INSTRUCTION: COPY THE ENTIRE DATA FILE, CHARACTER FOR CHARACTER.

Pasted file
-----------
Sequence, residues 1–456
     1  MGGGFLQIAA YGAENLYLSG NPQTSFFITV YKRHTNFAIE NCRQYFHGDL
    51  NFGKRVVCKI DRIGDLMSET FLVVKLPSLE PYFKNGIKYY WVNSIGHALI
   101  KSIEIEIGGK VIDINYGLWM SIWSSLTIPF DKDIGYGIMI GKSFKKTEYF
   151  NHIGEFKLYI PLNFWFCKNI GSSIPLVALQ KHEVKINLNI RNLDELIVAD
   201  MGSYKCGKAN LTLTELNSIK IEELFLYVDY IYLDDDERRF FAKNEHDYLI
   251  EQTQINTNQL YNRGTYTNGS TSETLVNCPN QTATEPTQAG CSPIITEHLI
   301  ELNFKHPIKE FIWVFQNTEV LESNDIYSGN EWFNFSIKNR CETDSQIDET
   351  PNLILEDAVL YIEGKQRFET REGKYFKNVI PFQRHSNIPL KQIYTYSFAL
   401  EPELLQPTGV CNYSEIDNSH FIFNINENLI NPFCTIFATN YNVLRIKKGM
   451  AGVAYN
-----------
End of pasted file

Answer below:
Sequence, residues 1–456
     1  MGGGFLQIAA YGAENLYLSG NPQTSFFITV YKRHTNFAIE NCRQYFHGDL
    51  NFGKRVVCKI DRIGDLMSET FLVVKLPSLE PYFKNGIKYY WVNSIGHALI
   101  KSIEIEIGGK VIDINYGLWM SIWSSLTIPF DKDIGYGIMI GKSFKKTEYF
   151  NHIGEFKLYI PLNFWFCKNI GSSIPLVALQ KHEVKINLNI RNLDELIVAD
   201  MGSYKCGKAN LTLTELNSIK IEELFLYVDY IYLDDDERRF FAKNEHDYLI
   251  EQTQINTNQL YNRGTYTNGS TSETLVNCPN QTATEPTQAG CSPIITEHLI
   301  ELNFKHPIKE FIWVFQNTEV LESNDIYSGN EWFNFSIKNR CETDSQIDET
   351  PNLILEDAVL YIEGKQRFET REGKYFKNVI PFQRHSNIPL KQIYTYSFAL
   401  EPELLQPTGV CNYSEIDNSH FIFNINENLI NPFCTIFATN YNVLRIKKGM
   451  AGVAYN